Posts Tagged ‘equality’


Thoughts on Capital Pride Parade and Corporate Sponsorship

10 June, 2018

Disclosure: Over the last decade, I have interacted with the parade on three levels: viewer, protestor, and participant. As protestor, I worked with No Justice, No Pride as we prepared for the demonstration last year. As participant I marched with the Smithsonian GLOBE group this year. I recognise both the damage done to our parade by corporate sponsors and the value of seeing ourselves as participants and watchers.

My thoughts: LGBTQ+ groups and LGBTQ+ non-profits should be given primacy of placement at the head of the parade, it is OUR parade afterall. Then allyship groups should receive secondary placement. Placed, last in line, corporations demonstrating allyship and corporate sponsors demonstrating a support position; corporate sponsors should demonstrate their allyship by letting LGBTQ+ groups march first. Finally, groups that want to be corporate sponsors but who prey on the LGBTQ+ community, prey on other marginalised communities, or have a low HRC score should not be permitted to march or sponsor. Those on the Pride committee that voted to include them sold us out and should be removed from the committee.


Exilic Theology

30 December, 2017

A new study has shown that of the 100 largest churches in America 7 have a person of colour as their pastor, 1 has a woman as their pastor, and 0 are LGBTQ-affirming. A faith that once offered hospitality and hope to the disenfranchised and minoritised outsider has become the arm of the white, straight, cisgender man. We have seen this approach to faith before and we have seen how it ends:

Enslaved by monarchical theology in Egypt,

an exodus restored freedom to the oppressed.

Ruled by monarchical theology in a divided kingdom,

an exile restored commitment to the poor, the widow, and the orphan.

Dominated by monarchical theology under Rome, a pacifist Messiah ate and drank with tax collectors and sex workers and brought them salvation.

The church must abandon supremacist theology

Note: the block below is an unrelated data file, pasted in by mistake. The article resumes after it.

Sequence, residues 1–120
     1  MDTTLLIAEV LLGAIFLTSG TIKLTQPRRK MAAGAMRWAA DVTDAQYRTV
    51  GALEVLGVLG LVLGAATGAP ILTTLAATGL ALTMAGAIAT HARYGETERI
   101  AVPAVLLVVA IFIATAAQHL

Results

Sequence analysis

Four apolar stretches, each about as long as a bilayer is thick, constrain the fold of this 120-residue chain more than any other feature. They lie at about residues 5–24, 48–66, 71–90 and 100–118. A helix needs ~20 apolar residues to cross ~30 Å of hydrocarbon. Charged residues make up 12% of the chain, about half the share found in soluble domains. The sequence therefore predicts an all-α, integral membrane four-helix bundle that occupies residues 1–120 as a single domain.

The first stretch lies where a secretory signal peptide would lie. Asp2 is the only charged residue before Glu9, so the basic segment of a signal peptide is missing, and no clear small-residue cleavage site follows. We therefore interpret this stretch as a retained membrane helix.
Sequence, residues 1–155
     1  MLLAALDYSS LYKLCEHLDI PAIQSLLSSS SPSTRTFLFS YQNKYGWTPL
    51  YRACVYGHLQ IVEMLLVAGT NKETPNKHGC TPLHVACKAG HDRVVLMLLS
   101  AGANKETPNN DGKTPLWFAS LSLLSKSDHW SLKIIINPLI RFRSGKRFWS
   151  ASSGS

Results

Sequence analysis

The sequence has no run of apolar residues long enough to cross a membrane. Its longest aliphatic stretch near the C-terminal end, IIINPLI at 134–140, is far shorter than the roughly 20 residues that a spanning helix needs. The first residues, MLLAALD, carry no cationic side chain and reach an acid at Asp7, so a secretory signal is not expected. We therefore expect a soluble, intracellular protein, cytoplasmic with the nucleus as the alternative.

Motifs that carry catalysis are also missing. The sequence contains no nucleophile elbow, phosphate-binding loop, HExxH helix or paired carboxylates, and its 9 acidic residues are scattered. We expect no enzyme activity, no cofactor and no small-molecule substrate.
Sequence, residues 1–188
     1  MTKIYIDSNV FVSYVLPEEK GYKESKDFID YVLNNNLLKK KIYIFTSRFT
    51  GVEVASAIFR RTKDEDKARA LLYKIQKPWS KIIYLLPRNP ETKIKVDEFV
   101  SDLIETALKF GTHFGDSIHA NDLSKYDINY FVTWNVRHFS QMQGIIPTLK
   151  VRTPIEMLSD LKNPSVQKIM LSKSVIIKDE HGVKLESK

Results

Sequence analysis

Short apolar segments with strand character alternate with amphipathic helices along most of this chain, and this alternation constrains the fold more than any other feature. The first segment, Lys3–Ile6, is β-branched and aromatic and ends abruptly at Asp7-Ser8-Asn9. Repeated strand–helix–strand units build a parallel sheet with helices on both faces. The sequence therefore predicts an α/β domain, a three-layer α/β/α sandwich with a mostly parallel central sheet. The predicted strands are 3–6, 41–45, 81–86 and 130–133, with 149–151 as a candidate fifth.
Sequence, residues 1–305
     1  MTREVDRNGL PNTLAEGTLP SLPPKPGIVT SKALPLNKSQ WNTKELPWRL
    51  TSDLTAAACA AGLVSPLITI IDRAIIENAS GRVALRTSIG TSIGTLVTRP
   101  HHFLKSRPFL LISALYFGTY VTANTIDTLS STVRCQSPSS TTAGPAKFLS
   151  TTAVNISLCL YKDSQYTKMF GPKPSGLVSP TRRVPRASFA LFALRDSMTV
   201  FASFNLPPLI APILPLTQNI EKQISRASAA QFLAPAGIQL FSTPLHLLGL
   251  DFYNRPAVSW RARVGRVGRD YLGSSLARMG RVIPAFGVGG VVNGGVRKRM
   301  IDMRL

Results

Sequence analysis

or face a new exodus.

The church must abandon patriarchal theology

or face a new exile.

The church must listen to the messianic voices of and among the LGBTQ community

or they will lose the way to salvation.


The HRC and Trans* Exclusion [Update at Bottom]

2 April, 2013

The HRC has issued an apology for asking a trans individual to remove the Trans* Pride flag from the marriage equality rally. They stated that the persons who asked this were not living up to the HRC’s high standards on inclusion and equality. I think it is important, however, to recall that the HRC has not held itself to these high standards when looking at trans* equality issues. There was the EDNA debacle back in 2007 where the HRC refused to back a protection bill that included gender identity. They insisted that leaving trans* people out now ensured their inclusion later (sound familiar? 1971). Further, they offered strong support to openly gay Rep. Barney Frank who described trans* people as “crazy queens” who would cost gay people their rights. As with the flag issue, they acted in a transphobic manner and apologized for it after the fact. Further, these attitudes seem quite prevalent within the HRC. A year ago I had a conversation with the HRC representative polling the GMU campus. When I asked what was being done in regards to fostering a trans-inclusive attitude in the HRC the representative told me that “the HRC does not represent those people.” When I pointed out he was talking to one of those people he acknowledged he knew and that was why he clarified we were “not welcome in the HRC because [we] are self-hating gays.” The HRC has long been influenced by the attitudes of Jim Fouratt, who had Sylvia Rivera and other trans women removed from the Gay Liberation Front (GLF), and Janice Raymond, author of the transphobic feminist treatise “The Transsexual Empire.” They have continually made decisions and statements that exclude trans* people from the community and later offered a weak apology only to continue in their transphobic behavior. Perhaps the HRC would do well to consider what I tell my students: the best apology is to stop doing the offensive behavior.


Update: I am exceptionally pleased to report that in the years since I wrote this piece Chad Griffin, President of the HRC, has proven both himself and the HRC to be committed to atoning for their poor treatment of the trans community. He has listened to our voices and taken stances that demonstrate a commitment to repairing relationships and healing the old divides. I admit I was quick to judge him when he took his position because of previous experiences and, in this case, I am glad to be wrong.